By Kent E. Fillinger
Prefilled/prepackaged cups used for celebrating the Lord’s Supper have been around since the 1990s, but their sales soared when COVID-19 spread around the world in early 2020. We wondered about their use in Christian churches and churches of Christ now that fear of the virus has eased.
Our Aug. 1-5 survey about weekly Communion practices received 141 responses from people who worship in churches of all sizes.
A little more than half of the respondents (54 percent) reported their church uses the prepackaged Communion cups (with juice and bread sealed in a single container, purchased from a vendor . . . sometimes referred to as “rip and sips”). All the megachurches (averaging 2,000 or more in weekly worship attendance) reported using these prepackaged cups, and 71 percent of medium churches (averaging 250 to 499) and large churches (500–999) reported the same. Very small churches (fewer than 100 in attendance) were the least likely to use the prepackaged cups (37 percent).
Almost one-fourth of survey respondents (24 percent) reported their church uses bread trays and juice trays (with individual cups) prepared onsite; 9 percent said their church uses both the prepackaged cups as well as the individual bread and juice trays and cups; while 11 percent of respondents said their church uses “two cups stacked with the bread in the bottom cup and the juice in the top cup.”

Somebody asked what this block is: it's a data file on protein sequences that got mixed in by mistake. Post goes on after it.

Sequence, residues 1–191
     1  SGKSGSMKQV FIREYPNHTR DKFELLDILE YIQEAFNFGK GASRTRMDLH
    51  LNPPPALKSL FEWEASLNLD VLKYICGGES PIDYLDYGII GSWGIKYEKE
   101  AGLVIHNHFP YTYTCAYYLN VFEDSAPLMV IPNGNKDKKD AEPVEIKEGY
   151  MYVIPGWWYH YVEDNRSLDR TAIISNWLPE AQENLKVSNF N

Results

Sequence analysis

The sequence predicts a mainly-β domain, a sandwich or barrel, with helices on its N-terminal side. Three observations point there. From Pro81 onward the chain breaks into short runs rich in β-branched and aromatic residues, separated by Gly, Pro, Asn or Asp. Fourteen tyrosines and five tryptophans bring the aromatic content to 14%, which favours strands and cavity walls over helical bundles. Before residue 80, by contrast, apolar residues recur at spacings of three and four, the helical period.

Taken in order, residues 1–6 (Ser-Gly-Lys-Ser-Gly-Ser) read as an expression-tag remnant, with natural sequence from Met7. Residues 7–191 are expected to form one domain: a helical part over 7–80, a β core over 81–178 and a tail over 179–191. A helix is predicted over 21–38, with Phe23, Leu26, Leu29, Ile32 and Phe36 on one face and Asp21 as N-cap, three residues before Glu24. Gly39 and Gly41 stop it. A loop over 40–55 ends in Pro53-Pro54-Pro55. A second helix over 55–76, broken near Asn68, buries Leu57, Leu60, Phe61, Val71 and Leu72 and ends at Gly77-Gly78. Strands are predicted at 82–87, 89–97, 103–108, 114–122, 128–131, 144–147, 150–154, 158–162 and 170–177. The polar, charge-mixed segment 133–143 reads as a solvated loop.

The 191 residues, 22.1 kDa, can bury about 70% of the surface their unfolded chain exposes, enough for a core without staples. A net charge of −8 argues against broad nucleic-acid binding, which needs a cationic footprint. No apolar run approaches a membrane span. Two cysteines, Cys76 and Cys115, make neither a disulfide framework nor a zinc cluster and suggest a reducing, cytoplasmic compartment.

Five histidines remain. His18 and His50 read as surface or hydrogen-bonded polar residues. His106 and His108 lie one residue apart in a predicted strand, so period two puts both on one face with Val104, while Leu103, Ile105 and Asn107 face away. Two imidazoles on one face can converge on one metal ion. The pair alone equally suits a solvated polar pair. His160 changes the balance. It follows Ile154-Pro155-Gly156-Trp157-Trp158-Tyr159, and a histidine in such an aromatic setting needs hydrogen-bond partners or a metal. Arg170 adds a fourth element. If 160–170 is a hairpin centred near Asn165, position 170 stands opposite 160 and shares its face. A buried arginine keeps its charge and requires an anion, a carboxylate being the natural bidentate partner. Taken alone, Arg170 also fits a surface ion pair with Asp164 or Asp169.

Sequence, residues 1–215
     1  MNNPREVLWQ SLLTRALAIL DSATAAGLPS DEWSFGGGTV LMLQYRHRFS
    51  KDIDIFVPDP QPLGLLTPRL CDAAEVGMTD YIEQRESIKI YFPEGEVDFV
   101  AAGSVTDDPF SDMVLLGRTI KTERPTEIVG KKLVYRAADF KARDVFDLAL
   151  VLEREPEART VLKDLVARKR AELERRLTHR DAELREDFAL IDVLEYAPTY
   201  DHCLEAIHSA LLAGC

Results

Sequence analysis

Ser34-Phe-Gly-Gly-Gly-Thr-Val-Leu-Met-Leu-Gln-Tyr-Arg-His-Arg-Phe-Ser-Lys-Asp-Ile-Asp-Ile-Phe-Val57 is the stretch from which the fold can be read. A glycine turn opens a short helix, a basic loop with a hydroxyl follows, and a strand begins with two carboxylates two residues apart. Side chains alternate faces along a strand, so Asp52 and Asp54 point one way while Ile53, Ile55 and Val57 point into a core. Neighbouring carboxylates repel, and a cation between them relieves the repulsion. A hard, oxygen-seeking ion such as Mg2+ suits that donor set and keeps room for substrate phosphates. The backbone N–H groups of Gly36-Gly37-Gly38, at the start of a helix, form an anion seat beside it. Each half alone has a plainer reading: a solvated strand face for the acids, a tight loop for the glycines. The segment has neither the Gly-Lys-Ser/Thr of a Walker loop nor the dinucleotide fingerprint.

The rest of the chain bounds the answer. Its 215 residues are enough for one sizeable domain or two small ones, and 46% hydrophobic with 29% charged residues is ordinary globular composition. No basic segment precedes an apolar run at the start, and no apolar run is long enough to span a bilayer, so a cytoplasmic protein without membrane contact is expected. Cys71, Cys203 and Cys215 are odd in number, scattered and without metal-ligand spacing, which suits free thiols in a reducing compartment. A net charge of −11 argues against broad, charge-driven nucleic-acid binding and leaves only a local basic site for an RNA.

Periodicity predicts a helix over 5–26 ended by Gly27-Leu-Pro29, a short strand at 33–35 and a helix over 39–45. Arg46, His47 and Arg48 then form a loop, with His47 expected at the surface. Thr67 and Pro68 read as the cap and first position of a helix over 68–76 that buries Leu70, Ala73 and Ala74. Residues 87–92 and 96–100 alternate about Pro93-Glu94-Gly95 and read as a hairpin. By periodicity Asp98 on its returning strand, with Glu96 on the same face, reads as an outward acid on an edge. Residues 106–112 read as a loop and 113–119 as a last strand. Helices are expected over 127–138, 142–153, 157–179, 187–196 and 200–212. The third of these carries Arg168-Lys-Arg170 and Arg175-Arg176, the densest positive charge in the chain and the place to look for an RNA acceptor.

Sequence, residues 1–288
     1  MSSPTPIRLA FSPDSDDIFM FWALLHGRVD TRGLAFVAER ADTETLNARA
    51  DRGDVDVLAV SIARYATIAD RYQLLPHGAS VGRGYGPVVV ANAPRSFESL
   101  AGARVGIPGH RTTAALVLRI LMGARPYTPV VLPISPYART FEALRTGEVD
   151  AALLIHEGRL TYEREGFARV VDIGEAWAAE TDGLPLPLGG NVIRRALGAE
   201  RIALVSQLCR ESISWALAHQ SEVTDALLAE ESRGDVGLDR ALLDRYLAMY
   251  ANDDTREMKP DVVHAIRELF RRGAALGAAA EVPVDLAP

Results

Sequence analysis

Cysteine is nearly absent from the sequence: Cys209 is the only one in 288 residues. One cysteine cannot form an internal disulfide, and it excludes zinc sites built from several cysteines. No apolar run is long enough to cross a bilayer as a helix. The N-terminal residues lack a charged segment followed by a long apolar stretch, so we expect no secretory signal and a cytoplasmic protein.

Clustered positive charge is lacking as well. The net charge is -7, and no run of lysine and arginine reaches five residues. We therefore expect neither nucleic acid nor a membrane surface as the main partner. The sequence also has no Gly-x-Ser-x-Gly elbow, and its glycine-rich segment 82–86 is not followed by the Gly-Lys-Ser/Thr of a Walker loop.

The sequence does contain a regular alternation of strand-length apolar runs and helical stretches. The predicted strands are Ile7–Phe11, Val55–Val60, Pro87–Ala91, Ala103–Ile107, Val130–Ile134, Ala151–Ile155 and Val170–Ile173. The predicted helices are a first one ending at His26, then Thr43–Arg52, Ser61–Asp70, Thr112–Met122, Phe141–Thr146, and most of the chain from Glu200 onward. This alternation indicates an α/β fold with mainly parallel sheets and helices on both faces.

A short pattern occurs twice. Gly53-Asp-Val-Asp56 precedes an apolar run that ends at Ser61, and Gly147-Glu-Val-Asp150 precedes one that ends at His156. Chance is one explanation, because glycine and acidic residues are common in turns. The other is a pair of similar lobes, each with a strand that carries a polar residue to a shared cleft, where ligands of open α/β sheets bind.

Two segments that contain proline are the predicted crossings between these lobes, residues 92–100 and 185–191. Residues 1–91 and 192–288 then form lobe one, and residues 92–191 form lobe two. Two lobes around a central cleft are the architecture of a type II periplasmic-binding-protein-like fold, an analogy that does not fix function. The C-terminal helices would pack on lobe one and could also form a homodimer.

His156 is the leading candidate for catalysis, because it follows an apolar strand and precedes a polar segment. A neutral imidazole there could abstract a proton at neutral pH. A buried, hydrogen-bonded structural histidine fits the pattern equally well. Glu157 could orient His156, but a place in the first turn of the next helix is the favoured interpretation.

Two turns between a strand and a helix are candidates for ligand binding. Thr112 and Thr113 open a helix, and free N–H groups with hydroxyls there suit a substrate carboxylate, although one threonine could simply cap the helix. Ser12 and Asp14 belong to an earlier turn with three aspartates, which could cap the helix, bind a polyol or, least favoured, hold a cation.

Most churches (62 percent) reported that people pick up their prepackaged Communion cups as they enter the service or during the service, 26 percent said the emblems are passed one person to another during the service, and 4 percent said the emblems are available in the seat back or pew in front of them.
In churches using the prepackaged Communion cups, 42 percent of respondents either “strongly agreed” or “agreed” they were easy to use, while 45 percent either “disagreed” or “strongly disagreed” the prefilled cups were easy to use.
Nine in 10 respondents “strongly agreed” or “agreed” the prepackaged cups are “convenient and safe” to use. As for whether the prepackaged cups are “cost effective or economical,” 16 percent of respondents “agreed” or “strongly agreed” with that statement, while 30 percent “disagreed” or “strongly disagreed.”
In churches using the prefilled Communion cups, 7 percent of those people surveyed said they enhance or add to commemorating Jesus’ death and resurrection in the Lord’s Supper, while almost one-third (32 percent) said they detract from Communion. More than half—61 percent—said the prepackaged cups neither enhanced nor detracted from Communion.
More than one-third of respondents (34 percent) said their church will “definitely” continue to use the prepackaged cups, while 41 percent said they were “somewhat likely” to continue using them. Only 13 percent of respondents said their church is “somewhat unlikely” or “definitely unlikely” to continue using the prepackaged cups.
Kent E. Fillinger serves as president of 3:STRANDS Consulting, Indianapolis, Indiana, and regional vice president (Ohio, Pennsylvania, Michigan) with Christian Financial Resources.